“Fighting for what’s right has not been easy. No one would want to endure what Warner Bros. and DC Comics has put my family, the Shusters and my attorney through. And that’s exactly what their executives and lawyers want. By filing frivolous lawsuits against my family, the Shuster family and our lawyer, by publicly revealing my private communications, by driving up litigation costs and refusing to negotiate fairly, these companies think that other creators will be afraid to stand up to them, and that lawyers will think twice before taking on their cases.”
Be sure to check out our other notable quotes!
[Artwork: Action Comics #1, © DC Comics]
Read More | Laura Siegel Larson
Over on our sister site Gear Live, we've got an article up that breaks down the steps required for your to build your very own LEGO Superhero Halloween costume. Since it's obviously comic book-related (just look at those Batman, Spider-Man, and Supergirl costumes up there!), we wanted to be sure and share it with our Comix411 readers as well. Anyone have any other cool and unique comic book costumes to share? Hit us in the comments!
Read More | How to make a LEGO Superhero Halloween costume
Frank Miller Sued by Former Assistant...
-- News Item
In the tradition of Keeping Up With The Kardashians and Here Comes Honey Boo-Boo, legendary comic book artist Frank Miller appears tonight on TLC in the premiere of his own reality show: Meet the Millers.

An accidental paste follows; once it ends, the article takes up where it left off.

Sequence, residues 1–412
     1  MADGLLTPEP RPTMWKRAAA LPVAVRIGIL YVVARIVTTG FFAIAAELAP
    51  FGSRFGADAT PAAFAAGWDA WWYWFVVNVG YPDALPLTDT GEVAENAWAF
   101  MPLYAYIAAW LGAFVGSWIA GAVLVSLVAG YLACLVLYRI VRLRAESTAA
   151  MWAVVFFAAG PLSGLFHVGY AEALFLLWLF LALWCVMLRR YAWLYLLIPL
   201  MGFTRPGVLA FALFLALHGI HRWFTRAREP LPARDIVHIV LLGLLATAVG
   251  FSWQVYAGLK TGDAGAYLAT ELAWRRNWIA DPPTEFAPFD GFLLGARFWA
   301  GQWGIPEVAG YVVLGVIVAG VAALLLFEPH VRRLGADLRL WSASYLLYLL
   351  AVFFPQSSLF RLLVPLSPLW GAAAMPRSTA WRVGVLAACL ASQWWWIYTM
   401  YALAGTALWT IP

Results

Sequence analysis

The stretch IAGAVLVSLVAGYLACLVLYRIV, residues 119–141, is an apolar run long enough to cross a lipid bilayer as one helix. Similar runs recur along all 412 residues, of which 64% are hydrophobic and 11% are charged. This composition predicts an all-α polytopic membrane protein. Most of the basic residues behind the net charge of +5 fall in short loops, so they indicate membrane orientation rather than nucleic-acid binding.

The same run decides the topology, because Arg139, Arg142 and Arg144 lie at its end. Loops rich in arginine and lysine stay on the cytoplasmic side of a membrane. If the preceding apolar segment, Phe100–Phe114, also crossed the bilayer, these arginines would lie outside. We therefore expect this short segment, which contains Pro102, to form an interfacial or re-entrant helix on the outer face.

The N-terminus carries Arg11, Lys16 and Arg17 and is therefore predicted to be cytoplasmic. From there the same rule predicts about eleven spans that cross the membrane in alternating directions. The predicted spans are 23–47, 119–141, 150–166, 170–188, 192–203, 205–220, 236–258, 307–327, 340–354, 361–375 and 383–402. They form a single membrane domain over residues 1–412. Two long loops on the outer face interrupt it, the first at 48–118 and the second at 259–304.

In the debut episode, the award-winning creator and his current girlfriend Kimberly Cox interview a new assistant by testing her coping skills with hammers, phones and how many times she can watch the great one’s trifecta: Robocop 2, Robocop 3 and The Spirit.
Then hijinks ensue as Kimberly heads to a Korean deli to demand to speak to “kimchi,” whom she presumes is the owner, while Frank gives us a sneak preview of his latest graphic novel: The Right Winger & Hippie Puncher, a clever reworking of a rejected DC Comics pitch for The Dark Knight Returns Some More graphic novel.
Read More | Frank Miller's Right Wing
For those of us who are not already at the NYCC this weekend, here’s how the internets can keep us occupied:
Why did the Judge Dredd 3D movie flop? Here are five reasons from What Culture.
Paul O’Connor at Longbox Graveyard finds much to love about Sean Howe’s new book, Marvel Comics: The Untold Story.
Scoop interviews Robert M. Overstreet, creator of the ubiquitous and essential Overstreet Comic Book Price Guide. “One of my favorite comics was Fox And The Crow. I would have Kix cereal in the morning and I would read my Fox & The Crow comics eating Kix.” I love that.
Jeff Mariotte writes about the problems of freelancing, his own writing career and a great comic strip called Cow And Boy by Mark Leiknes.
Are you looking forward to Arrow as much as any other comic book or archery fan?
It debuts October 10 on the CW. Arrow is loosely-based on Green Arrow, the venerable and outspoken liberal DC Comics' super-hero blessed with the powers of a longbow.
The mark of any successful show is whether or not fans can start quoting favorite lines like they do for Monty Python, The Simpsons and, of course, Mike And Molly.